My assistant will place it and I will remove it. There will be a very small amount of liquid that will ONLY be on top of the sheeting and I will clean this up with an absorbent "altar" cloth. In other words, all liquid will be contained and nothing will be left behind.
I will have a small plastic bag, in case of sickness.
You're good to go but please, please make sure that the smell doesn't linger. All the fluid must be contained. I had to deal with such a host of complaints last time about lingering smells from your fluids.
;) Sorry to be so direct about it.
I love what your work symbolizes and does to the space so please go ahead with your project as you need.
It might be best for me to bow out and I appreciate your candidness and professionalism.
I completely understand the intrusiveness of my work and I do not want to disrespect other artists. I do want to be able to create an atmosphere that may provoke and challenge the audience. As you know, my work creates a forum wherein viewers may freely explore their feelings about mortality, loss, and their relationship to their bodies. Perhaps this is not the correct venue for this expression.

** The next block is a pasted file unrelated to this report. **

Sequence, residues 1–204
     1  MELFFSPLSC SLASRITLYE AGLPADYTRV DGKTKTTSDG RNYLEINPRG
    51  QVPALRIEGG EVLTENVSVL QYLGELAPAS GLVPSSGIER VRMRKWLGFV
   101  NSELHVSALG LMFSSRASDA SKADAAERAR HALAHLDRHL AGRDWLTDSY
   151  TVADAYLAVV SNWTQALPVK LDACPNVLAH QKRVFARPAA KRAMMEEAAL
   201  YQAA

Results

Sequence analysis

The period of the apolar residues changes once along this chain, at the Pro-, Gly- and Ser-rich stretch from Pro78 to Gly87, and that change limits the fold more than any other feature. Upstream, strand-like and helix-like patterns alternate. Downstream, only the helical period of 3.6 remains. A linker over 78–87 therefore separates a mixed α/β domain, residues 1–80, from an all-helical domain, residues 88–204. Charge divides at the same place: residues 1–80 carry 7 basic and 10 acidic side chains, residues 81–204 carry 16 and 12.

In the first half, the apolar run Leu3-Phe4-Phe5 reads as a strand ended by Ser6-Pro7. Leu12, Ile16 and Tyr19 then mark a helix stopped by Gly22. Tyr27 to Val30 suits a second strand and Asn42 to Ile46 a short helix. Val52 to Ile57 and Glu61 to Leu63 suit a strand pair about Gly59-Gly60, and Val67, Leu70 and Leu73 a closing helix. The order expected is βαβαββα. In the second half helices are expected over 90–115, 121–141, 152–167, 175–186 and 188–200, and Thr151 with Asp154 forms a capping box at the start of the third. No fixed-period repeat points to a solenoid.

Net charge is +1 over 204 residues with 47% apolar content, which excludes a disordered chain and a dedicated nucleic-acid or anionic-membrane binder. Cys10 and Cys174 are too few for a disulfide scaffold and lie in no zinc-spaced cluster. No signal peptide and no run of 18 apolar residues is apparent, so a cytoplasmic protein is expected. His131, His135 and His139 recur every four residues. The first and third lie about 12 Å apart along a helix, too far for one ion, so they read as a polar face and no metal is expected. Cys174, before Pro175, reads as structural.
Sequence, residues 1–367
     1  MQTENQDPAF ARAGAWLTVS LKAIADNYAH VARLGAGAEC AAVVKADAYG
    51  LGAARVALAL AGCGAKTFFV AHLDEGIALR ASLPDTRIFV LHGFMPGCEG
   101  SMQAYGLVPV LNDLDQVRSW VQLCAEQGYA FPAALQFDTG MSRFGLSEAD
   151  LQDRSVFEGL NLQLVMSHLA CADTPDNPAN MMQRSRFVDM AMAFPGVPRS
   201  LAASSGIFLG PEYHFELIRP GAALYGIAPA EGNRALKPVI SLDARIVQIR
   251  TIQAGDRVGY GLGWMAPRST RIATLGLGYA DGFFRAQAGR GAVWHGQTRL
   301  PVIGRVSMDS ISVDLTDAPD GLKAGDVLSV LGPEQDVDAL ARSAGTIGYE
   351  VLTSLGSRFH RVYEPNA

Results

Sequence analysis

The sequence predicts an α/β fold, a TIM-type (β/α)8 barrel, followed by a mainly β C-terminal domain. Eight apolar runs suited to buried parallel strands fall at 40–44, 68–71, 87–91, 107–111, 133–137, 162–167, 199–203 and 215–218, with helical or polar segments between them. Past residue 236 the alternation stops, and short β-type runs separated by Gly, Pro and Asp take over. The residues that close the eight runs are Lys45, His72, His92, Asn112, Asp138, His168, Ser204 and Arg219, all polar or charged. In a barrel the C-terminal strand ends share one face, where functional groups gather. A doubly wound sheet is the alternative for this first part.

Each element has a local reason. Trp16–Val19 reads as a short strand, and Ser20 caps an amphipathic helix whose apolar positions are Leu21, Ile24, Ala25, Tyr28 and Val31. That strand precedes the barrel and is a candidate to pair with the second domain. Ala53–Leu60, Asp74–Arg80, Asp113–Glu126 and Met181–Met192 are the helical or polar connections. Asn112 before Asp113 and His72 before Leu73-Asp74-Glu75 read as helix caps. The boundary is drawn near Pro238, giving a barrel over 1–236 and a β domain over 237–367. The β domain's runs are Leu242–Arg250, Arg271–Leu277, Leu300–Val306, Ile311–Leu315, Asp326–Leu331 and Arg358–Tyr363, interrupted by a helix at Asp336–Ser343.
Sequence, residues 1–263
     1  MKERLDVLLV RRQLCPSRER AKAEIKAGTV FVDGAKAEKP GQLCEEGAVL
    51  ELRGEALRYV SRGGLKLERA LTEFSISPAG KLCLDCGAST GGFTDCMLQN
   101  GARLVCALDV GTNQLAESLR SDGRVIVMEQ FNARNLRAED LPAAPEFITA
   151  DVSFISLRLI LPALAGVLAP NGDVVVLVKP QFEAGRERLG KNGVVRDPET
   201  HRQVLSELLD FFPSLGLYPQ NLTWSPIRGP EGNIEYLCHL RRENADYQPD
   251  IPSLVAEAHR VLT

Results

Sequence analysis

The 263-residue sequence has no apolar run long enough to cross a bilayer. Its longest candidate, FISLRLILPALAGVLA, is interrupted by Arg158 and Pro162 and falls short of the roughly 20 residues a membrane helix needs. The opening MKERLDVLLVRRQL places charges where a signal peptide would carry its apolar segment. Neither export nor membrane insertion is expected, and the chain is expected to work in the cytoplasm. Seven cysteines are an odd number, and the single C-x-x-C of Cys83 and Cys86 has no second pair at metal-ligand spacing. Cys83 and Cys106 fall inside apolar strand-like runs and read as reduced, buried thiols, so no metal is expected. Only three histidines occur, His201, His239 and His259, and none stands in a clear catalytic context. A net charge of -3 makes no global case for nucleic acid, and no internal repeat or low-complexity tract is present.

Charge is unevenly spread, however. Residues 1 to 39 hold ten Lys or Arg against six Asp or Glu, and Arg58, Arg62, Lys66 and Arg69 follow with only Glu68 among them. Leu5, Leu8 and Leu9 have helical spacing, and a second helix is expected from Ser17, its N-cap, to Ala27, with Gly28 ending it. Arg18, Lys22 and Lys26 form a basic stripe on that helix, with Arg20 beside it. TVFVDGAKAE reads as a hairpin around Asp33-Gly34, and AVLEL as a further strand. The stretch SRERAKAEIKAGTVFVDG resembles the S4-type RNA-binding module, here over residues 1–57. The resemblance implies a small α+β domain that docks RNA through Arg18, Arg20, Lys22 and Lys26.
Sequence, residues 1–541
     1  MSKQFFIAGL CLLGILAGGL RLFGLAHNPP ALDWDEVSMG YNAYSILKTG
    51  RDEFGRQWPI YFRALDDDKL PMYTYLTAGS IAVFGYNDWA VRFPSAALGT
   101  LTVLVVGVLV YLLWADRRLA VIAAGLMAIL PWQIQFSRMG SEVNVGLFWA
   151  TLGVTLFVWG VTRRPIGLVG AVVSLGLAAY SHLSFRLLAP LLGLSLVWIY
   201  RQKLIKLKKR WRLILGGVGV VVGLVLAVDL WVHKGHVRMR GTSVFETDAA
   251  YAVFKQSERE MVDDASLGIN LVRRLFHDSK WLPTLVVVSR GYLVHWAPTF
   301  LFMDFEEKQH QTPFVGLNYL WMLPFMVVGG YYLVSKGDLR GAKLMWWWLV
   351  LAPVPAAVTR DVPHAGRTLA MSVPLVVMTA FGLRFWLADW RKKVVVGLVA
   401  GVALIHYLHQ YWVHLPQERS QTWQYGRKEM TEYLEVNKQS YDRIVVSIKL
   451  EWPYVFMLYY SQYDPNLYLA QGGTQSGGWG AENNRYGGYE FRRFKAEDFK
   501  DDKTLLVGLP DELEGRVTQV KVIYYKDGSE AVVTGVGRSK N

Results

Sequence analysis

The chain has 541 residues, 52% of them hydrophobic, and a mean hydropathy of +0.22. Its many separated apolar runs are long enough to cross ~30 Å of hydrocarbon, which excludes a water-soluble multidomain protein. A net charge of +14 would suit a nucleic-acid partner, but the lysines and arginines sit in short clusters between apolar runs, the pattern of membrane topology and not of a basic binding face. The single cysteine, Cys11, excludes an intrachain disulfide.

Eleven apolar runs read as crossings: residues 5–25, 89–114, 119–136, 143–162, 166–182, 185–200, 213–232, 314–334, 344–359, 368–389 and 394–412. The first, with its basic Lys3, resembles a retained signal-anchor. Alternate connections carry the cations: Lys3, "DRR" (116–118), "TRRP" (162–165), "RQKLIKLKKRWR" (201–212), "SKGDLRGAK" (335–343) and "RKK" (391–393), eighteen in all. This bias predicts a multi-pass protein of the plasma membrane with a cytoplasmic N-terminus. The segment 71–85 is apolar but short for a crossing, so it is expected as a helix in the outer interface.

Thank you anyway for the opportunity and look forward to seeing you in the near future.
This is exactly the thing that makes your work so interesting. By no means should you bow out.
I just wanted to be up front. I love what you're working with and how you produce it. Keep it coming. Just wanted to share my concerns. That is all. Thanks for letting me speak it out loud.
The spot is yours and I'd feel remiss if you weren't going to perform with us. Please reconsider.
Thanks for the kind words! When I was in college for art, I remember having many, many discussions with my artist friend Heather, about the responsibilities of working with visual art mediums such as sculptures, paintings, and photography versus ones that completely encompass the audience's experience such as installations, smells, lighting, soundscapes, etc.